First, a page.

The Irish Mob also had a stronghold in the vice economy, which included activities such as gambling, prostitution, and illegal gambling dens. They operated these establishments and profited greatly from them.

Their control over the dockyards and vice economy allowed the Irish Mob to amass significant wealth and power. They used this influence to expand their criminal activities and maintain their grip on the city.

It is important to note that the information provided here is based on historical records and accounts of the Irish Mob’s activities in New York City. For further reading on this topic, you can refer to and

Prominent Irish American Crime Bosses

Throughout the history of New York City, there have been several prominent Irish American crime bosses who have left their mark on the city’s underworld. These individuals were known for their influence, power, and ability to control various criminal enterprises.

Let’s take a closer look at three of the most notorious Irish American crime bosses: Paul Kelly, Dinny Meehan, and Bill Dwyer.

Paul Kelly

Paul Kelly, also known as “Paul Jawbreaker,” was one of the most influential Irish American crime bosses in New York City during the early 20th century. He was the leader of the infamous Five Points Gang, which dominated the criminal underworld in Manhattan.

Under Kelly’s leadership, the gang engaged in various illegal activities, including extortion, gambling, and bootlegging during the Prohibition era. Kelly’s cunning and strategic mind earned him respect and fear among both his allies and rivals.

Despite his criminal activities, Kelly was also involved in legitimate businesses, such as running nightclubs and theaters. He used these establishments as a front for his illicit operations, allowing him to maintain a veneer of respectability in society.

Dinny Meehan

Dinny Meehan, also known as “Dinny the Soldier,” was another prominent figure in the Irish American mob scene in New York City. He was a member of the Gopher Gang, a criminal organization that operated primarily in Hell’s Kitchen.

Meehan was known for his ruthless nature and willingness to resort to violence to maintain control over his territory.

During the 1920s, Meehan became heavily involved in bootlegging, smuggling alcohol into the city during the Prohibition era. This lucrative business allowed him to amass significant wealth and power. However, his reign came to an end when he was arrested and convicted for the murder of a rival gang member.

Bill Dwyer

Bill Dwyer, also known as “Big Bill,” was a prominent Irish American bootlegger and crime boss during the Prohibition era. He was involved in the illegal alcohol trade, smuggling large quantities of liquor into New York City.

Dwyer’s operations were so extensive that he was dubbed the “King of the Rumrunners.”

Dwyer’s criminal empire extended beyond bootlegging, as he also controlled various gambling enterprises and had connections with corrupt politicians and law enforcement officials. He was known for his ability to evade arrest and maintain a low profile, making it difficult for authorities to bring him to justice.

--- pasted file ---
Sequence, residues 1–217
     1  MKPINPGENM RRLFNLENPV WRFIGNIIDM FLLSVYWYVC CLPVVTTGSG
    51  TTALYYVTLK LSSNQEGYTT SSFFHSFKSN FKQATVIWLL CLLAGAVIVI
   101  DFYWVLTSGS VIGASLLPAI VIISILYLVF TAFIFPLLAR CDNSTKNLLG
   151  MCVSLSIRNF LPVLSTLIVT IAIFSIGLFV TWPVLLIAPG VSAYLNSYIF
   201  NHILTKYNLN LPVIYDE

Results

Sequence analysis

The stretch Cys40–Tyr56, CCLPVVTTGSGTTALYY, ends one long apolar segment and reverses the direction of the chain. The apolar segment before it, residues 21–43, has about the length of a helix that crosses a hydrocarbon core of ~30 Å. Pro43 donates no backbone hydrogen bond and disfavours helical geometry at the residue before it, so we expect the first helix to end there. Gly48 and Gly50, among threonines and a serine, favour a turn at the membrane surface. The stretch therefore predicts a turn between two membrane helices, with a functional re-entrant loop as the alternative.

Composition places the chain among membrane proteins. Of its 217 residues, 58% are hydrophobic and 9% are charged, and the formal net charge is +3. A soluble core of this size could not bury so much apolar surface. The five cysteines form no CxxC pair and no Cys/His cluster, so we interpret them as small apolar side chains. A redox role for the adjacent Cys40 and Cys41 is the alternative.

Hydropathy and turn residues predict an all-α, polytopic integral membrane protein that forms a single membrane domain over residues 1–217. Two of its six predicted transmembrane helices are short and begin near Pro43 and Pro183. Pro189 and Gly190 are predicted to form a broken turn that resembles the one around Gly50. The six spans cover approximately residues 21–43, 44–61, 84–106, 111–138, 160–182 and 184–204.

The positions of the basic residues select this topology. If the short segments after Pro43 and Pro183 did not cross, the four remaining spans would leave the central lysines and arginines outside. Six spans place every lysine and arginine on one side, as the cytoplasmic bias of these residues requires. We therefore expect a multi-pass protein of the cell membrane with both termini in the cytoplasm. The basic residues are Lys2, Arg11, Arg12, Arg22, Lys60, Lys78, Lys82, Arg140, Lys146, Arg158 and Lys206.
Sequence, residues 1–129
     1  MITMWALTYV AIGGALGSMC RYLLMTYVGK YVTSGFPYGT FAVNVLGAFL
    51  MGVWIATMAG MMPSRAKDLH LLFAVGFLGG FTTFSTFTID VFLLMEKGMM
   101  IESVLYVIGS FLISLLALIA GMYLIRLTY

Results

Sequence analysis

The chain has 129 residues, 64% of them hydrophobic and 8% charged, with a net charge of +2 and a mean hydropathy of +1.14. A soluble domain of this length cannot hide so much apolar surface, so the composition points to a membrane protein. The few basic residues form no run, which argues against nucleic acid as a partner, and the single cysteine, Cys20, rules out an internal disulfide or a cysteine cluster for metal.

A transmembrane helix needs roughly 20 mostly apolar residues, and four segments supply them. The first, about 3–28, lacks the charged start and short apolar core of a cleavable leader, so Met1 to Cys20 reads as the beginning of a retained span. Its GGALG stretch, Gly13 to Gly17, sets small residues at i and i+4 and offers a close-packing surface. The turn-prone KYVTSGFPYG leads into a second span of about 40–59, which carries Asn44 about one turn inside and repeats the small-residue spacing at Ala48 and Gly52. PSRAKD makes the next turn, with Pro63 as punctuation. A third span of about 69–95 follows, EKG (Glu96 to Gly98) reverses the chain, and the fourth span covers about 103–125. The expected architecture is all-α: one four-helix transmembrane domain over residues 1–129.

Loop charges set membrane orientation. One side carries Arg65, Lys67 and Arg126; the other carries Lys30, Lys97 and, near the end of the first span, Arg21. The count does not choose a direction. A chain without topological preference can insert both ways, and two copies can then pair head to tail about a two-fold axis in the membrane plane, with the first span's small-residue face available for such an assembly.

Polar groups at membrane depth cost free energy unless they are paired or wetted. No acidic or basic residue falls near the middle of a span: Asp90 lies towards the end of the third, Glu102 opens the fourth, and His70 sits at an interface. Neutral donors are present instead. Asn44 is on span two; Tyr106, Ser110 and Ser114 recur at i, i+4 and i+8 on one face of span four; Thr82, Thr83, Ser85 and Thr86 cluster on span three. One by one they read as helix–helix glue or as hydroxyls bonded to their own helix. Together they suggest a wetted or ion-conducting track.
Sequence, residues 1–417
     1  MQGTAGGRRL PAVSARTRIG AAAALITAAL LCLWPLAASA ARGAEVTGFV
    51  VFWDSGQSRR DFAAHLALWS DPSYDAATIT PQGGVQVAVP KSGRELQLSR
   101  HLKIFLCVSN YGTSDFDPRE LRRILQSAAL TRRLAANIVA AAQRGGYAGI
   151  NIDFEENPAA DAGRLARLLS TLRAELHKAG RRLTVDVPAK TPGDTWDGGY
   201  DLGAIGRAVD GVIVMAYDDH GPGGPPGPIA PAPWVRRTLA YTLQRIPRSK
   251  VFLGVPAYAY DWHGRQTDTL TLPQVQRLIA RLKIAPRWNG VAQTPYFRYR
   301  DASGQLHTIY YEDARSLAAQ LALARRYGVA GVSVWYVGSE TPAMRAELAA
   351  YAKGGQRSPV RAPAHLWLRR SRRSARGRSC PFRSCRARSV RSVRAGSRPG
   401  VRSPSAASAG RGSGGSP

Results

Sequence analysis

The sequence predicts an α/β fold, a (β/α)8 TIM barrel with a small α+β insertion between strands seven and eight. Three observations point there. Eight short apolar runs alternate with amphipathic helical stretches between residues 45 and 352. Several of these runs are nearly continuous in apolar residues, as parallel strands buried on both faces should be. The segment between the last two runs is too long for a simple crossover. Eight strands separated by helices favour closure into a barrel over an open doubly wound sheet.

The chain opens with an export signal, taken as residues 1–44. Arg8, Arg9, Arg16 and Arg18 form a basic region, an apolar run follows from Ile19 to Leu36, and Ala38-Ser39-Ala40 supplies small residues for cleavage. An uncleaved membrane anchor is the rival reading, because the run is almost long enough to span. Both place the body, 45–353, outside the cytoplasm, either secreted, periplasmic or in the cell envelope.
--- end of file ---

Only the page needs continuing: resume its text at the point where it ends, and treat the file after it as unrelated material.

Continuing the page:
It is important to note that while these individuals were involved in criminal activities, their influence extended beyond the underworld. They were known for their philanthropic efforts, providing financial support to various charities and community organizations.

This duality often made it difficult for law enforcement to apprehend them, as they enjoyed a certain level of protection and support from the communities they operated in.

For more information on the history of organized crime in New York City, you can visit

Battling the Italian Mafia and Police

The Irish Mob in New York City faced numerous challenges as it sought to establish its presence and control in the criminal underworld. One of the biggest obstacles they encountered was the violent clashes with the Italian Mafia over territory.

These clashes were often brutal and bloody, with both sides fighting fiercely to protect their interests and expand their influence. The streets of New York became battlegrounds as these rival gangs engaged in turf wars, resulting in numerous casualties and leaving a trail of destruction in their wake.

Violent Clashes Over Territory

The struggle for control over lucrative criminal enterprises such as gambling, prostitution, and bootlegging led to intense confrontations between the Irish Mob and the Italian Mafia. Both groups were vying for dominance and were willing to resort to extreme measures to achieve their goals.

These clashes often played out in public spaces, leading to a sense of fear and insecurity among the city’s residents. Innocent bystanders would sometimes get caught in the crossfire, highlighting the ruthlessness and disregard for human life displayed by these criminal organizations.